Klever-Kirkman said she is in favor of a new Cascade Bridge and is not happy with the results of the TIGER grant redevelopment of Jefferson and Main Streets.
Chris Roepke, a pastor at Concordia Lutheran Church in Burlington and Our Savior Lutheran Church in Fort Madison, has lived in Burlington for 30 years.
Roepke grew up in Des Plaines, Ill., where his father was a police officer. He currently serves on the city’s economic development board.
Roepke said he believes the property tax is too high, and is leaning strongly against a third fire station. He said Burlington’s population has decreased in the past 20 years, making a third station unnecessary.
Roepke said his number one priority when it comes to funding is police and fire. After that, his priorities rank in descending order — streets, parks, and the library. He said no budget cuts are acceptable for police and fire.
Roepke said his top priority is neighborhoods neglected by the city. He is against the practice of incentivizing developers with money that taxpayers are on the hook for. He would like to see projects developed without it, which could mean changing building codes.
He said he is opposed to a utility franchise and would be in favor of civil actions to remove or rehabilitate the old buildings around Burlington. He is not happy with the loss of parking on Jefferson after the downtown redevelopment and said the splash pad is a drain on city finances. On the subject of Cascade Bridge, he is in favor of a pedestrian and bicycle bridge.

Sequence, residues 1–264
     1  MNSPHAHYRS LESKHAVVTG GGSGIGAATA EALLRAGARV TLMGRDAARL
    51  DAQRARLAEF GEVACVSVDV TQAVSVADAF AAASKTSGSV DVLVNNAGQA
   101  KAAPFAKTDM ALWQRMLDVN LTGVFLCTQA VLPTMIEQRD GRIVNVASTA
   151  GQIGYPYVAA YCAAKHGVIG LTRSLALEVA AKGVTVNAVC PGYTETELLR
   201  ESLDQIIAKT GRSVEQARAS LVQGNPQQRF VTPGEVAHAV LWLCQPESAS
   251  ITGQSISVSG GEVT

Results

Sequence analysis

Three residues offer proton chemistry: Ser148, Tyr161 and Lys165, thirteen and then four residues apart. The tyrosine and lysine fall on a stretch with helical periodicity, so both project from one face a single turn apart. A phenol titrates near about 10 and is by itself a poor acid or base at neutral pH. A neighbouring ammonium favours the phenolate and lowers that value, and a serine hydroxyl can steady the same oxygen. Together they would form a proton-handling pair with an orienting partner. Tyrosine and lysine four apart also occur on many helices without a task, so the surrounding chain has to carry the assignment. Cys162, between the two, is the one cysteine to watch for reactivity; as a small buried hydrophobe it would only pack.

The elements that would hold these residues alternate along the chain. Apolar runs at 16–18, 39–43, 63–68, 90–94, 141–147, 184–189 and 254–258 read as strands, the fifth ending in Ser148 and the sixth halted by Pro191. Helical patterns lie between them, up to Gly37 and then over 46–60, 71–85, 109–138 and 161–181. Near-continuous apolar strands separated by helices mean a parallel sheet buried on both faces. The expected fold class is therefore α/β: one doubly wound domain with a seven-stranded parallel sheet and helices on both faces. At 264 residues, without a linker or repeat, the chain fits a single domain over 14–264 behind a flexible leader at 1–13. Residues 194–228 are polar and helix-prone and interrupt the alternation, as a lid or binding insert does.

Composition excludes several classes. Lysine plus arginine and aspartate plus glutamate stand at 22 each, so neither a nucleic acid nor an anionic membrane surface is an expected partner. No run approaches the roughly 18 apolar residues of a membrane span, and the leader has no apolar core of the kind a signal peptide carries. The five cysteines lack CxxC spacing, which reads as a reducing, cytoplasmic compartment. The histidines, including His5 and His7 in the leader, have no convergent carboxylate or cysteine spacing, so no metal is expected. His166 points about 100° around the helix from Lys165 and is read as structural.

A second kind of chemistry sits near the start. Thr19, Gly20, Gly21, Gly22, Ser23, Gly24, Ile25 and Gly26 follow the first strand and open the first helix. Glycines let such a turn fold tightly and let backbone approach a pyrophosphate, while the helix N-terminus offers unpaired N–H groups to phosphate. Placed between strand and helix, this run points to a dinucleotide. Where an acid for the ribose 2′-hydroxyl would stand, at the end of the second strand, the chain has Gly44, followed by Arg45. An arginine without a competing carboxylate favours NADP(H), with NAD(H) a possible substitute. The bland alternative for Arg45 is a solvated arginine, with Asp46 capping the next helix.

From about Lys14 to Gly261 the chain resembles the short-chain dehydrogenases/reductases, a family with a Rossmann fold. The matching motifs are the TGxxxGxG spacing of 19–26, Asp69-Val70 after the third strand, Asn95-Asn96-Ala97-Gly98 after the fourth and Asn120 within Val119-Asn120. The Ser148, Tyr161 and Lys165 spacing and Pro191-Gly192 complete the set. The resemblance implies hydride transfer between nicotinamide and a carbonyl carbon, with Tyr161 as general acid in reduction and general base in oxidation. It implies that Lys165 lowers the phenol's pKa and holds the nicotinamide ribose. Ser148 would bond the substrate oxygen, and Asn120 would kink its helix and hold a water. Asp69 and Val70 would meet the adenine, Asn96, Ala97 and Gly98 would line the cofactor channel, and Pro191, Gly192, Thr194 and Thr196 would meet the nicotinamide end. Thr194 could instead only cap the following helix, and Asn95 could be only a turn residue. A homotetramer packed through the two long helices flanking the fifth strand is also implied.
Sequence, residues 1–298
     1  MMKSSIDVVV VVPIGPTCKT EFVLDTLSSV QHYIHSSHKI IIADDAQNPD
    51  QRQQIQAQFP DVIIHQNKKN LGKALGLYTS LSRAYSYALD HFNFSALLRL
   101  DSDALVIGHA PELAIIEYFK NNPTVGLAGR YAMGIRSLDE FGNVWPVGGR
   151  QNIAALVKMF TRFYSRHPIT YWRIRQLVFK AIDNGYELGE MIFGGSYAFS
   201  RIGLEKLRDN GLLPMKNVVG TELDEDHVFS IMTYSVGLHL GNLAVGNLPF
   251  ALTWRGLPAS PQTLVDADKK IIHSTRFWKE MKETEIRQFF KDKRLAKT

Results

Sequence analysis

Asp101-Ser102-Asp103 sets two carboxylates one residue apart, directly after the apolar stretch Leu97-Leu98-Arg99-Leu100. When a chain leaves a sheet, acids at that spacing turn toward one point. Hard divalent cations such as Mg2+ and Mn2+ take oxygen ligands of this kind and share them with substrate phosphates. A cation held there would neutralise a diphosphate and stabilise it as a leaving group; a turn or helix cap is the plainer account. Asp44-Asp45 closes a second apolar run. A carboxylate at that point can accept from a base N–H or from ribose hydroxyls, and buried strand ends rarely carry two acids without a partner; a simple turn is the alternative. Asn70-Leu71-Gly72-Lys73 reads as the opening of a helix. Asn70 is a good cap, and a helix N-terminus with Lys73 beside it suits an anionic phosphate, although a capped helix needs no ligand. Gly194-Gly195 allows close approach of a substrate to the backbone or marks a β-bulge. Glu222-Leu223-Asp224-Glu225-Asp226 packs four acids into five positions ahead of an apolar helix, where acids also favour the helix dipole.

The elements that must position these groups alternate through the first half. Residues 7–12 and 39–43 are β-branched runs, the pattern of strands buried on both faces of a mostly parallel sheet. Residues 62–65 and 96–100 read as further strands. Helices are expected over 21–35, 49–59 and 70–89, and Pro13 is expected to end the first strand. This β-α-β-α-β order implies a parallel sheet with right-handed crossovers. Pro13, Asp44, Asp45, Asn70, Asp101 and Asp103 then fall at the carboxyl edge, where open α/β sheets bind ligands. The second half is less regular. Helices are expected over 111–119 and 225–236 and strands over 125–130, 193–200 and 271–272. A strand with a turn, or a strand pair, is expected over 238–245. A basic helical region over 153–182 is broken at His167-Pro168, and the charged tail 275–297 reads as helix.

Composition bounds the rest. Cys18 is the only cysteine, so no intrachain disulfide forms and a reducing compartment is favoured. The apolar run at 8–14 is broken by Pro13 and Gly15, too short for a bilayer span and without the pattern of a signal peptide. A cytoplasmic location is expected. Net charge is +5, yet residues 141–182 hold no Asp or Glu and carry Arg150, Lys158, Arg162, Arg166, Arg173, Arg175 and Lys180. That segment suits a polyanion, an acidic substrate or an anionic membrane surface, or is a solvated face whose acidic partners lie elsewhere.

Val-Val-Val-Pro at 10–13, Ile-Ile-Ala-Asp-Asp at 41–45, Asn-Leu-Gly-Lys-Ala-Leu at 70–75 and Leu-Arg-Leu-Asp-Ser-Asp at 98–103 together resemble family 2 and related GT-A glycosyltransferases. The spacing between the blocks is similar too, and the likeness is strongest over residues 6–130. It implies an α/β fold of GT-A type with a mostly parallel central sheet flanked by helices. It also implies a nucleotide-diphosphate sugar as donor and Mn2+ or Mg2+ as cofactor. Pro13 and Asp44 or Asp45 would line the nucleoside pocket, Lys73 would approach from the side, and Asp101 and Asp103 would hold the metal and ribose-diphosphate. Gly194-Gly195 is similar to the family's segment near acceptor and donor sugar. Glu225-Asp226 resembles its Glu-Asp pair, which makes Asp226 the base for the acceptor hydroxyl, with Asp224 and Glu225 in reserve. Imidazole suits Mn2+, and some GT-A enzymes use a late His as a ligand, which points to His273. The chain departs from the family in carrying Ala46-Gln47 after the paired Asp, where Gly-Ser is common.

Antonio Bailey is an associate and coach at Burlington Community School District and has lived in Burlington for 48 years. He co-founded Burlington’s only semi-pro football team.
A native of Crystal Springs, Miss., Bailey currently serves on the low-rent housing board and operates a car detailing business.
Bailey said he is in favor of a third fire station and believes the tax rate is where it should be.
Bailey said he is a big supporter of the library but is aware there have been state changes regarding funding. He said he wants to improve the infrastructure of the city.
He said his top three issues are the homeless situation, affordable housing, and marketing the city to create more business opportunities and jobs.
Bailey said the investment in the TIGER grant-funded redevelopment of downtown was money well spent. He’s also a big supporter of a new Cascade Bridge, saying it has a significant place in Burlington’s history.
Bailey would like to see increased incentives to bring in more industry, increased police patrols, and more officers.
Expanded hours for the Burlington Area Homeless shelter — all the way to 24 hours if possible — is another of his goals.